Megalania is the largest terrestrial lizard known to have existed. Judging from its size, it would have fed mostly upon medium- to large-sized animals, including any of the giant marsupials such as Diprotodon, along with other reptiles and small mammals, as well as birds and their eggs and chicks.[citation needed] It had heavily built limbs and body, a large skull complete with a small crest between the eyes, and a jaw full of serrated, blade-like teeth.[7]

Some scientists regard with skepticism the contention that megalania was the only, or even principal, predator of the Australian Pleistocene megafauna.[14] They note that the marsupial lion (Thylacoleo carnifex) has been implicated with the butchery of very large Pleistocene mammals, while megalania has not.[citation needed] In addition, they note that megalania fossils are extremely uncommon, in contrast to T. carnifex's wide distribution across Australian Pleistocene deposits. Quinkana, a genus of terrestrial crocodiles that grew up to 6 m and was present until around 40,000 years ago, has also been marked as another apex predator of Australian megafauna.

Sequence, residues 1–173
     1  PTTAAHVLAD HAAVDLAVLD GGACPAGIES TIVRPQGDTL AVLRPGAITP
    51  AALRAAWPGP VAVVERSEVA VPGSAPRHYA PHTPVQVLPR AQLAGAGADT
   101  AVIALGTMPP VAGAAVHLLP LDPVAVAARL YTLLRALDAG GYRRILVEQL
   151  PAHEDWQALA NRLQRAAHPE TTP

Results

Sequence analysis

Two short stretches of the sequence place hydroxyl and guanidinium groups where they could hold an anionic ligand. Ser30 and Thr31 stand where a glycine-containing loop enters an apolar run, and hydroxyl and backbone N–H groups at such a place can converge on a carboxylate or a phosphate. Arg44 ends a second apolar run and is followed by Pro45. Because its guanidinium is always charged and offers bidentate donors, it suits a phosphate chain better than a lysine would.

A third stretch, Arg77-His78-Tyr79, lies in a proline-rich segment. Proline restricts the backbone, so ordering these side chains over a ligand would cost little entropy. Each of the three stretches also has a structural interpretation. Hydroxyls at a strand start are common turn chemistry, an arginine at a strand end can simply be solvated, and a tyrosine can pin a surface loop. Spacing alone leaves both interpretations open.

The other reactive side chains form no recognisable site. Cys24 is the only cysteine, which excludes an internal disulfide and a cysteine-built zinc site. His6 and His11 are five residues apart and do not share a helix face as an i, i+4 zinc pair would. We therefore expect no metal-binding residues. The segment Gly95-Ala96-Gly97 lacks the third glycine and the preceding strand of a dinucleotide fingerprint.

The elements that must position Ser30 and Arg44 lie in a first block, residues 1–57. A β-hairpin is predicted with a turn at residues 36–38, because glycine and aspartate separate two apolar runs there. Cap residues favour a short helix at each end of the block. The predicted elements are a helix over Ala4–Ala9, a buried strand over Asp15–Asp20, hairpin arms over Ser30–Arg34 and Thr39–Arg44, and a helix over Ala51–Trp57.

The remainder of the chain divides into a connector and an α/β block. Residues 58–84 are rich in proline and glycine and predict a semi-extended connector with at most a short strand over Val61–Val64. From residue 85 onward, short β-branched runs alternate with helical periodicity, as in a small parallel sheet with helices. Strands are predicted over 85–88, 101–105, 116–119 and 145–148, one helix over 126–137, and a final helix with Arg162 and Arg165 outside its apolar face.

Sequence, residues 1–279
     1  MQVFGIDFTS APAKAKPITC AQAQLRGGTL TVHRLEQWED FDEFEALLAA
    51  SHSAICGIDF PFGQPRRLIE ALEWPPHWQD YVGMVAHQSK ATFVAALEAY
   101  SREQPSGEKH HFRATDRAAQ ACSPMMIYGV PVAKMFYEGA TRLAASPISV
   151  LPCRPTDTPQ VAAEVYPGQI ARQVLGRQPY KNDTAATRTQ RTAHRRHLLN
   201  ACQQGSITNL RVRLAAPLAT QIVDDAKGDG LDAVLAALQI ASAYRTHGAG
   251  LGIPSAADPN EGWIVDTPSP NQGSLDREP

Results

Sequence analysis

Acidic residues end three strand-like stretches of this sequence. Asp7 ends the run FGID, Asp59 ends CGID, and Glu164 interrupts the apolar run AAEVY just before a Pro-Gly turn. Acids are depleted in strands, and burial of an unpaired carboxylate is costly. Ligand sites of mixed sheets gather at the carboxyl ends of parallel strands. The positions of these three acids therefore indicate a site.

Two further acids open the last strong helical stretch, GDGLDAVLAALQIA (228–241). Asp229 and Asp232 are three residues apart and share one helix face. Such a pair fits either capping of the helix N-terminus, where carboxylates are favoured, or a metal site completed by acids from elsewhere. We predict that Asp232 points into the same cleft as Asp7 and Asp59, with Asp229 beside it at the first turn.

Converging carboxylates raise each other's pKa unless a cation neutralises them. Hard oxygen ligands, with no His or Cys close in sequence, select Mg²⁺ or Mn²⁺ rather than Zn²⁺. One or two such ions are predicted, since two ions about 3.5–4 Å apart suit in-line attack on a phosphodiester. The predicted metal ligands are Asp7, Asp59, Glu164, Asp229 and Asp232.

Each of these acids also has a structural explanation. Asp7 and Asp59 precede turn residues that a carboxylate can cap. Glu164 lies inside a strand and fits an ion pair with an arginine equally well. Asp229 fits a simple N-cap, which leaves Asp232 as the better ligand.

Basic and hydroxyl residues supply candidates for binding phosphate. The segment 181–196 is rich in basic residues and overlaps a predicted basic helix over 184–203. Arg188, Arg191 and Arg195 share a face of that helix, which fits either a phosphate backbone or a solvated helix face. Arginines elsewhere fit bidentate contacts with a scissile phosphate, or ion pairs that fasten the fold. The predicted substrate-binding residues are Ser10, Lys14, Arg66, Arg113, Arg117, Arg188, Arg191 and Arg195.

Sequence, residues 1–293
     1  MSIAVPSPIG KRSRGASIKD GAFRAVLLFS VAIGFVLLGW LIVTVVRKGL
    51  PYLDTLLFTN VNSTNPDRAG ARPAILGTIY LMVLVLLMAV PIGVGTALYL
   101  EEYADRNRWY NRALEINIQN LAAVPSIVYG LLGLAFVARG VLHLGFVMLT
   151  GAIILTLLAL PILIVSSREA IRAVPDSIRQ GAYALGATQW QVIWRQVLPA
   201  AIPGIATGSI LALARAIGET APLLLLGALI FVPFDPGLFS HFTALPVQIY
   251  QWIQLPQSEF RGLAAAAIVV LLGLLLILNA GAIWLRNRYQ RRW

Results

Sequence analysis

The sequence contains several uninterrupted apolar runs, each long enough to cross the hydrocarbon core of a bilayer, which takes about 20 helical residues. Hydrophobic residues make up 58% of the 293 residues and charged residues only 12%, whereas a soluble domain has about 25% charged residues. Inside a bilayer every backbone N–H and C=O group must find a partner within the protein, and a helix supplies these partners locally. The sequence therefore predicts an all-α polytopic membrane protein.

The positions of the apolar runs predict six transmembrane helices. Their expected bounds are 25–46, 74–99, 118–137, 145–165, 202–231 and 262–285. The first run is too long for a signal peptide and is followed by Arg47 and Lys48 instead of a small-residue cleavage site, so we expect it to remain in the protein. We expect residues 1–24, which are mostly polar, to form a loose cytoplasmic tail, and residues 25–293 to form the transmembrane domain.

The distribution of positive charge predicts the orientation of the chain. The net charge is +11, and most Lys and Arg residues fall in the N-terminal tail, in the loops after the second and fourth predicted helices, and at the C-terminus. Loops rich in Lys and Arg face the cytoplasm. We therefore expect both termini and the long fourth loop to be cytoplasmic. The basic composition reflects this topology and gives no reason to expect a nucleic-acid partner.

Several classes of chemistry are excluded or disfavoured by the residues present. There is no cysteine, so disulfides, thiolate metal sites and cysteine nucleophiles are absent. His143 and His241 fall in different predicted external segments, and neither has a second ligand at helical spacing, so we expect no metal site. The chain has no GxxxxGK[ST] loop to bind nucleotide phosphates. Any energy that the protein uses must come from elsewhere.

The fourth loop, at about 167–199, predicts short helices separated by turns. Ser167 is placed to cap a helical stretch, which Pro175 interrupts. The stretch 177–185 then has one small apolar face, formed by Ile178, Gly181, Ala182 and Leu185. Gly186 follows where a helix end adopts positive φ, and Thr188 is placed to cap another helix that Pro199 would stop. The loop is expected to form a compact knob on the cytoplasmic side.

If one were to reconstruct the ecosystems that existed before the arrival of the humans on Australia, reintroducing Komodo dragons (megalania's closest relative) has been suggested.[by whom?]

A study published in 2009 using Wroe's earlier size estimates and an analysis of 18 closely related lizard species estimated a sprinting speed of 2.6–3 m/s (9.4–10.8 km/h). This speed is comparable to that of the extant freshwater crocodile (Crocodylus johnstoni).[15]

The scales of megalania would possibly be similar to those of their extant relatives, possessing a honeycomb microstructure and both durable and resilient to water evaporation.[16]


Hypothetical megalania skull, at the Museum of Science, Boston